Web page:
Saadia Ali, a dual French/Tunisian citizen, was attempting to obtain an official document from the court of first instance in Tunis when she was taken into custody, stripped of her clothing, and beaten by a prison guard in front of fifty male prisoners for verbally criticizing a Tunisian public official. Upon regaining consciousness, Ali was given a summary trial without due process and a suspended sentence of three months imprisonment for attacking a public official. Ali’s lawyer initiated a complaint with the office of the State prosecutor, which rejected the complaint without further explanation. In her complaint to the Committee Against Torture, Ali alleged violations of the Convention against Torture and Other Cruel, Inhuman or Degrading Treatment and Punishment (CAT), and cited violations of internationally recognized standards on the administration of justice and articles 25 and 26 of Tunisia’s Code of Criminal Procedure. The Committee held that Tunisia’s actions towards Ali were tantamount to torture and violated articles 1, 12, 13, 14, and 16 of the Convention. The deliberate infliction of severe pain and suffering upon Ali by Tunisian public officials constituted torture under article 1 and cruel, unusual, or degrading treatment within the meaning of article 16. The Committee also held that the State’s dismissal of the complaint and delay in investigating Ali’s case established a violation of articles 12 and 13, under which a State has the obligation to promptly investigate allegations of torture. The State’s failure to act on the complaint and immediately launch an investigation equated to a breach of the State’s obligations under article 14 to provide redress to victims of torture in the form of restitution, compensation, and rehabilitation.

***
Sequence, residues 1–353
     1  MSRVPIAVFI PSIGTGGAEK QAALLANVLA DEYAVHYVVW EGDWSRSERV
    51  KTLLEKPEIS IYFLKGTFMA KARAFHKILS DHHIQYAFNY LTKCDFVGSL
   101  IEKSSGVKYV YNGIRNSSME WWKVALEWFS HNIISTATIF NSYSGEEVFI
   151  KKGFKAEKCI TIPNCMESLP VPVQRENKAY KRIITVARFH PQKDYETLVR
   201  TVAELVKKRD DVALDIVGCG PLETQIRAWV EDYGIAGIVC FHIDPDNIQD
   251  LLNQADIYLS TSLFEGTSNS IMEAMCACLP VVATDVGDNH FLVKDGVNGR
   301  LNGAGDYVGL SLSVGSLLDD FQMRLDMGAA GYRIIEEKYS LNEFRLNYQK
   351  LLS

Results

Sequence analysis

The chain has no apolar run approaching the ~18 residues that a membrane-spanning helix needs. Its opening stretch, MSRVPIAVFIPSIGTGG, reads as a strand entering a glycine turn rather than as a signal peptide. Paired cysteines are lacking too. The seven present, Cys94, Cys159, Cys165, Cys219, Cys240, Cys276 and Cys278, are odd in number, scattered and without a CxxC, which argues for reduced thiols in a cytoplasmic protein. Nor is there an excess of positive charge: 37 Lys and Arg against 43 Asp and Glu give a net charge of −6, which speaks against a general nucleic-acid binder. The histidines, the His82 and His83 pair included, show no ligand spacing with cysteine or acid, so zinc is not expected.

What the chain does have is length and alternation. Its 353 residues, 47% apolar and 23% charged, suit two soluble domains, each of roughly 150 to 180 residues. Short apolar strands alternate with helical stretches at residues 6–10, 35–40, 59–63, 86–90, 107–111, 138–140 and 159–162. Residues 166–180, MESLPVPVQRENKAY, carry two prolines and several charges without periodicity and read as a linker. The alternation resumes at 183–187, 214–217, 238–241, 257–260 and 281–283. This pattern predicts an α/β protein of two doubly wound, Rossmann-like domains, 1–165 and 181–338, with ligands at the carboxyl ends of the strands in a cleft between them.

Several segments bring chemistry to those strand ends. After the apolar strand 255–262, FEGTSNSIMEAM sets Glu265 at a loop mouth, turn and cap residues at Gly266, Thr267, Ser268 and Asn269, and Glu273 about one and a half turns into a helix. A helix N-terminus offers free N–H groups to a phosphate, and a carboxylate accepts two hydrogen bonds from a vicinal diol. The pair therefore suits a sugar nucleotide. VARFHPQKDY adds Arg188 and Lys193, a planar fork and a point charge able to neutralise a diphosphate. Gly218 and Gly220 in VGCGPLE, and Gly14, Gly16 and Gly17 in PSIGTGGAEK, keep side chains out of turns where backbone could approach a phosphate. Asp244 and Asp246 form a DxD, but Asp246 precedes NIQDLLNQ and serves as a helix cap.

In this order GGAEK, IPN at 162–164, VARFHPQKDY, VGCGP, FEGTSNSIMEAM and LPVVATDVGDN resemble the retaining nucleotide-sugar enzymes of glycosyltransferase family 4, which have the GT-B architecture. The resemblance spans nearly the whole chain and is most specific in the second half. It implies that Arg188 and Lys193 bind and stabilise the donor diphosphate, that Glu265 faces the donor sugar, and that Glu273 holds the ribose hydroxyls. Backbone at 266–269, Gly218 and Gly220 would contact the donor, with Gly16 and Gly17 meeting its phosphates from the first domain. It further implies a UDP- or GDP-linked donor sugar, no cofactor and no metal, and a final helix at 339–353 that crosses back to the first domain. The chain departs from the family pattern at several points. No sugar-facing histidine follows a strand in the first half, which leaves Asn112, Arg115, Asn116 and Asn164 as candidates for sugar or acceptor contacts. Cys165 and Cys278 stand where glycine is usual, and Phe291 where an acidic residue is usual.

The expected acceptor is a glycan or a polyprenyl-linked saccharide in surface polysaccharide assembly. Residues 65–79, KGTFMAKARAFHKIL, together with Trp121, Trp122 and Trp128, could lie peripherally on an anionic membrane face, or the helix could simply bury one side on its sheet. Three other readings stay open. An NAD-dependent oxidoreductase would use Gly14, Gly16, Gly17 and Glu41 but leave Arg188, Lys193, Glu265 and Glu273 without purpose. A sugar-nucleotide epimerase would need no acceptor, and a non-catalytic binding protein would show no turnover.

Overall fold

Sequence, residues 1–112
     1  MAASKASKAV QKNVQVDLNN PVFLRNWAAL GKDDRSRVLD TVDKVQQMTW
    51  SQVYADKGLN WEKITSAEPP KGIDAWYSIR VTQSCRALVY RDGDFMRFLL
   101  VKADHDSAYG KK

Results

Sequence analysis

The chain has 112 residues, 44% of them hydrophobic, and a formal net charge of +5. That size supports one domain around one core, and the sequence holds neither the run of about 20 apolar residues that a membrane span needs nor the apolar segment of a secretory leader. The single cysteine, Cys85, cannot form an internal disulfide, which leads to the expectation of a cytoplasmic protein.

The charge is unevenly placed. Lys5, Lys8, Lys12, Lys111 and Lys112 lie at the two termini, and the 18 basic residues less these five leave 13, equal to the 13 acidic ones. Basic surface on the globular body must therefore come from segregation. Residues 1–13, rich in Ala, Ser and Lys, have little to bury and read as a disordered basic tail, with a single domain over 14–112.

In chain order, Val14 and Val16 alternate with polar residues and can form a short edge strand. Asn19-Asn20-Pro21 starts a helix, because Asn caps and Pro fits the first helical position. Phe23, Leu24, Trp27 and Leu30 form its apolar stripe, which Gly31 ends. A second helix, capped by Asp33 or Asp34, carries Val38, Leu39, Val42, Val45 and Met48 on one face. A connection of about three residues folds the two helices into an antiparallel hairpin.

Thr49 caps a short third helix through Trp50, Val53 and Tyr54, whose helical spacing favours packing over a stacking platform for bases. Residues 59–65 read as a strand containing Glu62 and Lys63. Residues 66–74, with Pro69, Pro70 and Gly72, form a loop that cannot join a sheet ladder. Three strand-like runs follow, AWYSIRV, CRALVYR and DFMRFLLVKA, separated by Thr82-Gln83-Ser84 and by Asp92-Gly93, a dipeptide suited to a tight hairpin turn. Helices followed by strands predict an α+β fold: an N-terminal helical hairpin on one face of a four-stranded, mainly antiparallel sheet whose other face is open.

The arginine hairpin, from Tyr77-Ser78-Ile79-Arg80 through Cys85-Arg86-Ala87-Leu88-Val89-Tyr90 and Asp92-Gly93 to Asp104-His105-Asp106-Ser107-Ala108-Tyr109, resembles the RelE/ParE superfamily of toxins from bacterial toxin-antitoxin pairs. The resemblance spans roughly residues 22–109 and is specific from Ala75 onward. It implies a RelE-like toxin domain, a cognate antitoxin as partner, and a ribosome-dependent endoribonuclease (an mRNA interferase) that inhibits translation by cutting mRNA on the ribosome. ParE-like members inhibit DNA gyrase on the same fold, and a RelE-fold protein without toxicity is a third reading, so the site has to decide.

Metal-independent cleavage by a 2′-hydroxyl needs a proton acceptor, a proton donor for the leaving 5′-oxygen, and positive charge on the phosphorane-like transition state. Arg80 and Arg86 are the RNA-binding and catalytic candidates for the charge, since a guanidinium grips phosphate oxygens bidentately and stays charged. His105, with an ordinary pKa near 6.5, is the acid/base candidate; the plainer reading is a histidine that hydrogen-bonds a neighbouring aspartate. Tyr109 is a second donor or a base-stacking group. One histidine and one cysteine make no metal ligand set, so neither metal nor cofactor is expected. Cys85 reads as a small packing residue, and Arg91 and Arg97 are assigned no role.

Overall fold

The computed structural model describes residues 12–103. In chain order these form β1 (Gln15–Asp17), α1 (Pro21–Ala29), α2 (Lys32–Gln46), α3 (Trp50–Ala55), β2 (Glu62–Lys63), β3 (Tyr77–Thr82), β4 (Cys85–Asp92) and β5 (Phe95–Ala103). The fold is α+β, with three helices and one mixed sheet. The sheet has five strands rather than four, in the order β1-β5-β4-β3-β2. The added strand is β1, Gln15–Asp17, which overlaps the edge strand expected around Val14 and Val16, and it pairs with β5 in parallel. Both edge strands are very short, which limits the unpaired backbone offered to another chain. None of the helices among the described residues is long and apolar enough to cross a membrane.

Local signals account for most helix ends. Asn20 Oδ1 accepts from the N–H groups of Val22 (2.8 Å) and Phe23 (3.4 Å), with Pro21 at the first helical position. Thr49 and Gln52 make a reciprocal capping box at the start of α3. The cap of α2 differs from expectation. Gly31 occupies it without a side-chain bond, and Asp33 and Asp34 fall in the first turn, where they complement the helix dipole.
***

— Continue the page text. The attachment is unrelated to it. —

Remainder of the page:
Saadia Ali v. Tunisia